South Australia welcomes cannabis industry leaders

Medicinal cannabis professionals are in Adelaide today for a conference exploring the industry’s future in South Australia.

The Future of Medicinal Cannabis symposium features a series of national and global speakers who will discuss the challenges and opportunities of the medicinal cannabis trade including regulation, launching a global business and defining the cannabis pharmacopeia.

Minister for Industry and Skills, David Pisoni who will be among the key speakers, said business opportunities for medicinal cannabis are significant and extend far beyond cultivation.

“It’s not just about growing cannabis but more about South Australia being perfectly placed to engage in the sophisticated production, processing, manufacturing and commercialisation of a pharmaceutical-grade product,” he said.

“Our state has the right blend of strengths in advanced horticulture, research and specialised manufacturing to have a real competitive advantage in this space.”

Minister Pisoni said South Australia should have access to an optimal range of treatments and services to promote the best health outcomes for patients and the community.

“There is significant public interest and support for the medicinal use of cannabis and cannabis-derived products arising from reports of symptomatic benefit in a range of medical conditions,” he said.

“Clinical trials are underway to further develop evidence about the use of medicinal cannabis across a range of health conditions that will contribute important knowledge and understanding of these medicines.    

“The Marshall Liberal Government supports the development of this industry within the existing Commonwealth regulatory framework and licencing regime.”

Event organiser LeafCann Group has also announced the launch of subsidiary Alchemy Bioservices to oversee the training and management of the emerging medicinal cannabis workforce.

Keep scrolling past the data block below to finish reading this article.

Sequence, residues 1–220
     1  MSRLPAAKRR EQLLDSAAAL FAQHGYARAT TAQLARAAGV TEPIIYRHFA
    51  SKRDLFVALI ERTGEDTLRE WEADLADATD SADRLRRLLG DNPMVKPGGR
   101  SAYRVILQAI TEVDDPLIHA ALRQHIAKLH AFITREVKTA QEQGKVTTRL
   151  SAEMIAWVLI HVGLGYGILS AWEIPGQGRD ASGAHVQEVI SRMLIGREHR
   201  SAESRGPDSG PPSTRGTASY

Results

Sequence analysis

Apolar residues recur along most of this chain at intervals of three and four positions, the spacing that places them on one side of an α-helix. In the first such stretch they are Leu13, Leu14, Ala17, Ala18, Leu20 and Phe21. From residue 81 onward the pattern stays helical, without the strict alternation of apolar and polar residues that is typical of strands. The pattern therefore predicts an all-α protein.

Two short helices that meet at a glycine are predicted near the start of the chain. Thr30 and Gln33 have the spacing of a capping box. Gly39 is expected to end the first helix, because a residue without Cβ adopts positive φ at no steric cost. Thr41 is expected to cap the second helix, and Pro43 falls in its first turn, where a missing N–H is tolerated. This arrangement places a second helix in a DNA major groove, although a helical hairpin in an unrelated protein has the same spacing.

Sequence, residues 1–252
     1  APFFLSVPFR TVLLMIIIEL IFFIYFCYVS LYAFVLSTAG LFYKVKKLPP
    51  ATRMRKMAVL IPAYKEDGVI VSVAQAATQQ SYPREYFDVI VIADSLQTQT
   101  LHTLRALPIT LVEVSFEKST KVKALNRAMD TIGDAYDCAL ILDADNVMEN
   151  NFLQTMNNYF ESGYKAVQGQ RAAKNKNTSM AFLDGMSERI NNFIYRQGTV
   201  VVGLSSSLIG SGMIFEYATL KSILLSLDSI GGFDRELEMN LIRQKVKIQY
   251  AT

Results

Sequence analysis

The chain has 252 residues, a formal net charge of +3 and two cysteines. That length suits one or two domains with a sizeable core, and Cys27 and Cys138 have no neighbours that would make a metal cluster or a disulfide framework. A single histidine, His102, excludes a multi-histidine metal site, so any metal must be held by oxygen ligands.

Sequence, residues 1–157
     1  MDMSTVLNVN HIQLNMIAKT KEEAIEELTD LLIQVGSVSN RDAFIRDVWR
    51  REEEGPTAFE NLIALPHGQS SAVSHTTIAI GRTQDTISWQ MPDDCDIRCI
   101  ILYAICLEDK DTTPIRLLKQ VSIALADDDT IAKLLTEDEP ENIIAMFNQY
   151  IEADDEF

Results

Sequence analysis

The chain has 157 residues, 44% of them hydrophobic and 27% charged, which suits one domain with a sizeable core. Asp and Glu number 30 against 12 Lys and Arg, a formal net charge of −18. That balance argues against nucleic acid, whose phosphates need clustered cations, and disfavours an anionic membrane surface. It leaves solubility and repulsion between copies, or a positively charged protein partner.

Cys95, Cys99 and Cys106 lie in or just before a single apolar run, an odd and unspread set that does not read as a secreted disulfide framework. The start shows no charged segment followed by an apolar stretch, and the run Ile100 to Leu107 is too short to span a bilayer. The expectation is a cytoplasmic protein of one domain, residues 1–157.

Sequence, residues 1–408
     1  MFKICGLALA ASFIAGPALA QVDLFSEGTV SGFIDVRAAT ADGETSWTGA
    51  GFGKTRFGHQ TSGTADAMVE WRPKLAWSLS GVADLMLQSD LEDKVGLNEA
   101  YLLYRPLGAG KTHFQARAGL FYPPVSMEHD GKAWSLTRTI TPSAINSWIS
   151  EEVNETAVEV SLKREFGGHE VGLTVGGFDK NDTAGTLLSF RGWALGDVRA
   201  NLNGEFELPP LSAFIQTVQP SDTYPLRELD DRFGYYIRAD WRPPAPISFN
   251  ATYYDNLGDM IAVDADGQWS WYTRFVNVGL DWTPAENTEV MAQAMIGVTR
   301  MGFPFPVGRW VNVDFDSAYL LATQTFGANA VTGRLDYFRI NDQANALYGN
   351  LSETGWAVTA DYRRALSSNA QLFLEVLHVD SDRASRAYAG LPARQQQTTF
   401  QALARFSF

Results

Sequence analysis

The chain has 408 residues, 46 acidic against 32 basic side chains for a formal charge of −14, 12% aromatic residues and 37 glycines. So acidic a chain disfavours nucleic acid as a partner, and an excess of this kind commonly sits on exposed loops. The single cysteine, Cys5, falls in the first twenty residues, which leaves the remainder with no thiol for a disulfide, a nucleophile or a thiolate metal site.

LeafCann CEO Elisabetta Faenza says Australia is missing out on billions of dollars in export income by being slow to build capacity in the medicinal cannabis sector.

“Our vision is to establish South Australia as the centre of excellence for education, research, industry innovation and development for the global cannabis sector,” she said.

“LeafCann has plans to recruit up to 40 local people in its current facility before the end of 2019 and together with our partner operations, will require more than 250 employees by 2020.”

For more information on medicinal cannabis in South Australia, visit the Office of Industrial Hemp and Medicinal Cannabis website.

Trying cannabis for the first time

As cannabis stigma dissipates into a cloud of fragrant vapor, young adults to seniors are coming out of the woodwork to finally try, or in some cases come back to, marijuana. There was even a Utah senator who filmed himself consuming an edible gummy in Nevada (where cannabis is legal) as a precursor to the midterms, so that “at least one Utah state senator that actually has tried cannabis before we had this big debate.”

The senator had the right idea, not just to give something a try that he’d never experienced before, which takes at least a little chutzpah, but to start with a low dose edible to see how the herb would affect him without going overboard and being overwhelmed.